Government

David Johnson, first independent in Iowa Senate since 1926, won't seek re-election

Johnson changed party affiliation in 2016, in opposition to Trump

Nearly two years after declaring his political independence, Sen. David Johnson, I-Ocheyedan, has announced he will not seek a fifth term in the Iowa Senate.

“First and foremost, I want to thank all those who have supported my efforts to shine a spotlight on how polarized and partisan the political process has become,” Johnson said in announcing his retirement. “As a private citizen, I will find a place to be an advocate for education, the environment, access to health care and fiscal responsibility.”

After 18 years under the Republican banner, Johnson changed his affiliation to independent, or No Party, in June 2016 when it was apparent Donald Trump would win the GOP nomination for president.

“That makes him the leader of the party, a fact I cannot in good conscience accept in silence,” he said. “We cannot serve two masters.”

Johnson, 67, a West Branch native, is the first independent to serve in the Iowa Senate since 1926.

After serving two terms in the Iowa House, Johnson defeated the Democratic candidate for Senate in 2002 and again in 2006. He ran unopposed in the next two general elections.

Senate 1 comprises Osceola, Lyon, Dickinson, Clay and Palo Alton counties. Three Republicans are vying for the Senate nomination in the upcoming June 5 primary. No Democrats are on the ballot. Candidates who declare as “No Party” cannot file for the November ballot until later this summer.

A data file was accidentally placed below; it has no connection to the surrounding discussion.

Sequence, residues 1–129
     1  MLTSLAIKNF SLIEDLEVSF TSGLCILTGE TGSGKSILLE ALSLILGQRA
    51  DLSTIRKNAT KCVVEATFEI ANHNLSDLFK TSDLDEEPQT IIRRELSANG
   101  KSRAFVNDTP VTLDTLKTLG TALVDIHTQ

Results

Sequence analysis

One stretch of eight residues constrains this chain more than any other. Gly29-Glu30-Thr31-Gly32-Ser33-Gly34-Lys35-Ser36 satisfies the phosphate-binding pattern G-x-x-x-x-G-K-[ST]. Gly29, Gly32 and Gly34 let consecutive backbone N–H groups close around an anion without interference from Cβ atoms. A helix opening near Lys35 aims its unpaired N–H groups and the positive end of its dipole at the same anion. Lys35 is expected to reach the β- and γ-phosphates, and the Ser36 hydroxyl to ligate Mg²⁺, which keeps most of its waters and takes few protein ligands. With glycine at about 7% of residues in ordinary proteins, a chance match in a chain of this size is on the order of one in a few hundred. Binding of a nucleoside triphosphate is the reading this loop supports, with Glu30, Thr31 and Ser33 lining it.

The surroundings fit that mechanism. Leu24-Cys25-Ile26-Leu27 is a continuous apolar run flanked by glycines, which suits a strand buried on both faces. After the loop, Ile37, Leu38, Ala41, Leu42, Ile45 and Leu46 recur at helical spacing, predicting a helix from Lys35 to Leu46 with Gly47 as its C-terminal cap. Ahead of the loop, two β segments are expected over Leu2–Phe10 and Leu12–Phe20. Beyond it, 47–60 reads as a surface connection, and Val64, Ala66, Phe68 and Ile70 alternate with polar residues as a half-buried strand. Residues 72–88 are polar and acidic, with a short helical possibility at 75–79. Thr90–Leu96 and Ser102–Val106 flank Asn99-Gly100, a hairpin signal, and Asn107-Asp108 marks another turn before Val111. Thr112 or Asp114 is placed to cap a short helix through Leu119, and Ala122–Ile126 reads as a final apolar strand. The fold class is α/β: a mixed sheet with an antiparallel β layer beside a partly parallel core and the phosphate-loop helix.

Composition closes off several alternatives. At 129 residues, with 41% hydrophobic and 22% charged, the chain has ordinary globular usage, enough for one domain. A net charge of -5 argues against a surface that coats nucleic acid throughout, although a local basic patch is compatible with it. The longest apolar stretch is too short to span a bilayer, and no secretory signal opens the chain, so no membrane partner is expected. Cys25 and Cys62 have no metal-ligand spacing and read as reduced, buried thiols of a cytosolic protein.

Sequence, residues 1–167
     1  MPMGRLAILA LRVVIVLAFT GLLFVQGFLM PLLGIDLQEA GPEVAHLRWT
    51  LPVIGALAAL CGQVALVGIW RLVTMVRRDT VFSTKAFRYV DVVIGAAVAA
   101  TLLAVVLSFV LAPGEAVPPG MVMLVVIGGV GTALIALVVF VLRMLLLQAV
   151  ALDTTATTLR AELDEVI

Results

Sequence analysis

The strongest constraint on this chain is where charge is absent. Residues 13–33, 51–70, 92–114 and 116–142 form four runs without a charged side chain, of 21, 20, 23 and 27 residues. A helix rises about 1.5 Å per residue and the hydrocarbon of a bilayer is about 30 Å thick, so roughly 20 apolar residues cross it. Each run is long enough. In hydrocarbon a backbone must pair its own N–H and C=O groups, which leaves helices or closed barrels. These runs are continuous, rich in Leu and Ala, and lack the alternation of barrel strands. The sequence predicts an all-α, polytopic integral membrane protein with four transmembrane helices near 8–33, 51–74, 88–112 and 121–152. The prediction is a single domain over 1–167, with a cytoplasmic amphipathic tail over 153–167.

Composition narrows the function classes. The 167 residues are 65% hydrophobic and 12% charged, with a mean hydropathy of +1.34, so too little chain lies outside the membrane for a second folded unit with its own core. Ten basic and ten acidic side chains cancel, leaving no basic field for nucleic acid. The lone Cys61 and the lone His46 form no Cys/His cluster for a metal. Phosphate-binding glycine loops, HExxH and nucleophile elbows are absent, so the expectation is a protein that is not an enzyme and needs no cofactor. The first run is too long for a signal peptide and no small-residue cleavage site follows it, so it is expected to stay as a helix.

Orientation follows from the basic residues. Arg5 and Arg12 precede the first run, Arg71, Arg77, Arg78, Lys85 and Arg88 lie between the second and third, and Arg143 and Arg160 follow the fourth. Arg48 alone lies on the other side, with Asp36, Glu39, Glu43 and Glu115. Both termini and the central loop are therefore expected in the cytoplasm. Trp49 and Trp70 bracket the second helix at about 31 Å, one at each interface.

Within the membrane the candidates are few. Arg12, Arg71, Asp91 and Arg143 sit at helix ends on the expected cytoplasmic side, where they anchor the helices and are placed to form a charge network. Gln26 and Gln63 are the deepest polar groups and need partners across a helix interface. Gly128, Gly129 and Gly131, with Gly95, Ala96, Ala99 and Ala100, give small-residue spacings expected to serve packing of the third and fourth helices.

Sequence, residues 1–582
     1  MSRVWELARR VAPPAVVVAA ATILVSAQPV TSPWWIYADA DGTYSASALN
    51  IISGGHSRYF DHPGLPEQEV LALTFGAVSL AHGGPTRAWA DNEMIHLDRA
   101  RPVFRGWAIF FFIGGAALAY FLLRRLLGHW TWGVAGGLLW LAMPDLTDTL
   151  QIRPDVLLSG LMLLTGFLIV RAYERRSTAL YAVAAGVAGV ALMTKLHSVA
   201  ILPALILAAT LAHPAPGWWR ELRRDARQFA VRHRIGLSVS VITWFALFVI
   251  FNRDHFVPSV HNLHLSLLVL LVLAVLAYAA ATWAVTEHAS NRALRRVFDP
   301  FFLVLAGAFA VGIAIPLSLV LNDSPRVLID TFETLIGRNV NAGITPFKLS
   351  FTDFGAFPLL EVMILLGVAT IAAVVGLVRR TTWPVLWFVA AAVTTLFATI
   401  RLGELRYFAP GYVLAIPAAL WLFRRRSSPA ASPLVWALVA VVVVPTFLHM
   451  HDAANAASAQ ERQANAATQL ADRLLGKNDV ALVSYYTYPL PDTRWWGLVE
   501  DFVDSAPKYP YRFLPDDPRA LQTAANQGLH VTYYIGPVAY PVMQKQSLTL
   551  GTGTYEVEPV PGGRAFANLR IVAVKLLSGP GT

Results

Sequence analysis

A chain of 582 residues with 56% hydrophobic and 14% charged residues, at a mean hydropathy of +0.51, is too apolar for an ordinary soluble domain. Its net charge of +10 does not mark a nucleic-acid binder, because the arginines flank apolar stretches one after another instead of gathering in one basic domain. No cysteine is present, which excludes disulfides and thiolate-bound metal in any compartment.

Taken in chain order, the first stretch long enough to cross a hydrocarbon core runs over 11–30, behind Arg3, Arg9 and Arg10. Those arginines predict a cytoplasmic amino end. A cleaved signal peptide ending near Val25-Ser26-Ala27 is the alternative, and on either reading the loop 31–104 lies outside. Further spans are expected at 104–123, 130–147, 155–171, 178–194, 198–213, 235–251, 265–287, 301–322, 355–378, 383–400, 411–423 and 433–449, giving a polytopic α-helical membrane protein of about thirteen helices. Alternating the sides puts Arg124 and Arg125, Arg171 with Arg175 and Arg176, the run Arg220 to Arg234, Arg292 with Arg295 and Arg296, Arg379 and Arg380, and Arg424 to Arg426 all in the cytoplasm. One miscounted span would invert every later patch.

“I will continue to work with constituents until a new senator is sworn in next January,” he said.

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Johnson’s departure ends a long continuous run of Osceola County legislators at the state Capitol. A state senator or representative from Osceola County has been in office for 52 years in a row, the last 20 years by Johnson.

After changing his party registration to No Party, Johnson became the first independent to serve in the Senate since 1926. Republicans, who hold a 29-20 advantage in the Senate, withdrew his committee assignments. That left him little to do in the Chamber, beyond participating in Senate floor debates.

l Comments: (319) 398-8375; james.lynch@thegazette.com

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